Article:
If you walk by any real estate office and pick up a business card from one of the agents or visit an agent’s website you’d think that all of the real estate agents out there are multi-million dollar producers. Of course, even if that were true, being a multi-million dollar producer in Beverly Hills means something completely different in Tulsa, Oklahoma. The personal promotion is almost to be expected. There are a lot of real estate agents out there and they’re all competing for your business whether you’re about to sell your home, you’re getting ready to buy one or do both. But how do you look beyond the clutter of self-promotion? How do you find the best real estate agent out there, one that addresses your specific needs? And, do you really even need a real estate agent in the first place?
Let’s answer that last question first: yes. There is no doubt that you need an agent to help navigate the sometimes turbulent waters of buying and selling real estate. Why the certainty? The phrase, “Buying a home is the biggest financial decision you’ll ever make,” might seem a bit too common these days but it’s true. And making a mistake buying or selling real estate can haunt you. If you’re selling, you want to get the best possible price for your home and your agent can help create that additional wealth through strategic marketing, upgrades and an attractive curb appeal. When buying, if you get a case of buyer’s remorse you’re stuck with it for a while. You can’t exactly take a copy of your receipt and expect to get your money back from the seller.
With all of the choices out there, figuring out how to choose a realtor can seem daunting. Consider these 5 points of advice:
Do: Go with a Full Time Agent
It’s true there are lots of real estate agents in your market but it’s also true that very few of them are really full time, around the clock real estate agents. Other agents take it on as a part time gig and really only get referrals from family and friends and then most often on the buying end. You don’t want that. You want someone who is knee-deep in your market and knows where you should buy based upon your preferences and your budget, what to pay and what areas to avoid.
Full time real estate agents are skilled negotiators and know how to properly price your home based upon both how much you want to net from the sale along with how long it will take to sell your home based upon the list price. Agents know demographics, public schools and commutes to work like no other. There’s no better experience than first-hand experience. Stay away from part timers.
Do: Negotiate on Commission Fees
It’s not unusual for a seller to conclude the listing agent’s sales commission is set in stone. Whether it is common for a 5 percent or 6 percent commission in the area, the truth is all agents are willing to negotiate a commission selling your home. Be careful though, the best real estate agents will command the higher commission structure because they are skilled at getting the most from your home and negotiating the best price.
If you’re a buyer you won’t have to pay any commission, so commission fees are not a major factor in knowing how to choose a realtor. Either way, how does your agent get paid if they’re out there finding you a home to buy? In reality it’s the sellers that pay your agent’s commission from part of their agent’s profit. If the commission is 6.0 percent of the sales price, typically the buying and listing agents split it 50/50.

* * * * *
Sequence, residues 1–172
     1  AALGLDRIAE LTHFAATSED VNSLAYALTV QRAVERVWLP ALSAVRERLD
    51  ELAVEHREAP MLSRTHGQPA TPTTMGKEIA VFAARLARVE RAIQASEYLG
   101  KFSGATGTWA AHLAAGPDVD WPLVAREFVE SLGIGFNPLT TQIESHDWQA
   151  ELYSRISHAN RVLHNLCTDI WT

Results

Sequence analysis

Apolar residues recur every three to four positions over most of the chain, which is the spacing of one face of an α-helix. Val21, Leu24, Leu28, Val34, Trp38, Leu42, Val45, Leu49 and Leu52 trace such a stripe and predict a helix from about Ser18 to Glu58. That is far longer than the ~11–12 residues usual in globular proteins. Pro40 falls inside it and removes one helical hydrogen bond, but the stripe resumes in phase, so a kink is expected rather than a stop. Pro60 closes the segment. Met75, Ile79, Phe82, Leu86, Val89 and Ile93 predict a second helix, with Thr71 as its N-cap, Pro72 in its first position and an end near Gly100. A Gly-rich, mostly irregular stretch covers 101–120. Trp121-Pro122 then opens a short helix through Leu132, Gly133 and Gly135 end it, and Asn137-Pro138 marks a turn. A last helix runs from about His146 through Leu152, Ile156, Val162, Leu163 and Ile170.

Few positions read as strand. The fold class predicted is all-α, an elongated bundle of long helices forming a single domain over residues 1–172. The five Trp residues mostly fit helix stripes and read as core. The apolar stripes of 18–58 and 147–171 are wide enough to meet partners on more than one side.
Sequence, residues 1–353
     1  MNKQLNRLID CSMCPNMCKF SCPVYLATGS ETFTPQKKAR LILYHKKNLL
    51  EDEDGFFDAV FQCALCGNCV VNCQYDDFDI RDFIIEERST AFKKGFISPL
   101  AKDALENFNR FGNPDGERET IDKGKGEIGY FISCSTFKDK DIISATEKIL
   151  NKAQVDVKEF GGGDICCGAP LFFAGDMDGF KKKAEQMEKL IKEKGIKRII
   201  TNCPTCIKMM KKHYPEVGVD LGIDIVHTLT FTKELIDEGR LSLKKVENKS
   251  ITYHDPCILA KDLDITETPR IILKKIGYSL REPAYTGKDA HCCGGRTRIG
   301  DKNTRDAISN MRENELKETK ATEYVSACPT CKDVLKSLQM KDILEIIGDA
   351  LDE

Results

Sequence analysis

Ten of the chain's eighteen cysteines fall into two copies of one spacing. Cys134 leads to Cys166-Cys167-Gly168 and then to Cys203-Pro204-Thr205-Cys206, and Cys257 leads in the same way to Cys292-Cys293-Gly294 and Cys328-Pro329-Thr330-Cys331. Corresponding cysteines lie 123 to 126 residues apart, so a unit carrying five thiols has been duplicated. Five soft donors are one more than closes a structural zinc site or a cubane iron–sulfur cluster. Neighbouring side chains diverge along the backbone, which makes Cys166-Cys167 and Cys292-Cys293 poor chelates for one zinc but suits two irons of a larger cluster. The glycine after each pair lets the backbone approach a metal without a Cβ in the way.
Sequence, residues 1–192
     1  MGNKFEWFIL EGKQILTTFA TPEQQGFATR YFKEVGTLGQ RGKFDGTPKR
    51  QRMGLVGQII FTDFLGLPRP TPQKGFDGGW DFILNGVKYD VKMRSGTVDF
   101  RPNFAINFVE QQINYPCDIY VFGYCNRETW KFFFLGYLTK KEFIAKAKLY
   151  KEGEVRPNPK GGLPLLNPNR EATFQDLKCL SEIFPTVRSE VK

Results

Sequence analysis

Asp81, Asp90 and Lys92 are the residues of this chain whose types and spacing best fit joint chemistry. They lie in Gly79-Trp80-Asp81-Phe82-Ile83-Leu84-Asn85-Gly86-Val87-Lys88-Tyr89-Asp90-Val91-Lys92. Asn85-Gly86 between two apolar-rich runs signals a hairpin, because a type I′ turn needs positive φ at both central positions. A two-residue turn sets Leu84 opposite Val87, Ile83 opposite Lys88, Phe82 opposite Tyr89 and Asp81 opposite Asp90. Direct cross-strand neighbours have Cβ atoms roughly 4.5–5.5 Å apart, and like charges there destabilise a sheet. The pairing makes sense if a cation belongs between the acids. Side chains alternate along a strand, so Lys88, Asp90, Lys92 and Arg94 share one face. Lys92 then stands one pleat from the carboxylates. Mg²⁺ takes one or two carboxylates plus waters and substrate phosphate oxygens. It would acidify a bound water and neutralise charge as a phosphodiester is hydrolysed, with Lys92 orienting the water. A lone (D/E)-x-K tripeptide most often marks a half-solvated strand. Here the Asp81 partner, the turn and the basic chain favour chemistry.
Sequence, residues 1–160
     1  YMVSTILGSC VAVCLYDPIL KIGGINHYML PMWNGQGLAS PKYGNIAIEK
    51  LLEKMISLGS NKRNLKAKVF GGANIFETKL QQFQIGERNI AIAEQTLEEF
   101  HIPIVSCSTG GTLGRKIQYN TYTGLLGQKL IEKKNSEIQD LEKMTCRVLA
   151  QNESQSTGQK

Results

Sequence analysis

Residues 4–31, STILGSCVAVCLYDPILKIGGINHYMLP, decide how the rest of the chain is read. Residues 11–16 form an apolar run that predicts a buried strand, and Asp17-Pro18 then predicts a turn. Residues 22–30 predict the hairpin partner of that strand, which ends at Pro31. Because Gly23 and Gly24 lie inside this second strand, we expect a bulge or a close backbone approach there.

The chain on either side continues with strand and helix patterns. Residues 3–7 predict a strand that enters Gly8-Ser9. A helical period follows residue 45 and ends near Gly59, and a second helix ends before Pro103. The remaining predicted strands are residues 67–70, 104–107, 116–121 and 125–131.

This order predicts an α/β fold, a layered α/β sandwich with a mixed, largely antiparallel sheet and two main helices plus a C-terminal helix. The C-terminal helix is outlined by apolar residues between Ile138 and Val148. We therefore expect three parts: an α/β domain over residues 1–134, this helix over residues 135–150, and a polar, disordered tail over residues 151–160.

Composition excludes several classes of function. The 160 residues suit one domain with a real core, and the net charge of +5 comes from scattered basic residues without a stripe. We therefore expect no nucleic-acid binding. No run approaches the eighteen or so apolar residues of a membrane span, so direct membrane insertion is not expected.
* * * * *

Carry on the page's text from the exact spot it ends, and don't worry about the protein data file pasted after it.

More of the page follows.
Do: Review Competitive Market Analyses
A competitive market analysis, or CMA, is a package prepared by an agent wanting to list your home. The CMA will show sales of recent homes in the area you want to buy along with an analysis of what the agent thinks your home will sell for. Don’t get just one CMA. Instead, get two or more. At minimum get three.
When you review your CMAs, the tendency will be toward the best selling price. But be careful, if one CMA is markedly higher than the others there might be a problem when one agent presents recent sales that aren’t near your neighborhood but used to inflate your CMA.
Don’t: Sign a Long-Term Listing Agreement
When you find your listing agent, don’t sign a long term listing agreement. Agents are taught to get as long as listing agreement as possible to tie up the property. An agent can make lots of promises, get a listing agreement for several months and then do very little marketing while buyers are out there looking at other homes and not yours.
In most markets, it’s best to keep your listing agreement at 60 days or less. Should you decide to change agents, you won’t be bound by a multi-month contract.
Do: Use Your Agent’s Preferred Mortgage Lender
In many markets real estate offices also align in some fashion with a mortgage company. Real estate agents like their clients to work with their preferred mortgage company not because they get a kick back for the referral, they don’t by the way, but because they can keep a better eye on the loan approval process. All that is fine but just like in any other circumstance, don’t look just at the agent’s preferred lender. Reach out to others and get multiple quotes to help ensure the best deal possible.
Hopefully, this blog post helped you learn something about how to choose a realtor. Once you have chosen a realtor that you trust, consider Homesite Mortgage for your home purchase.
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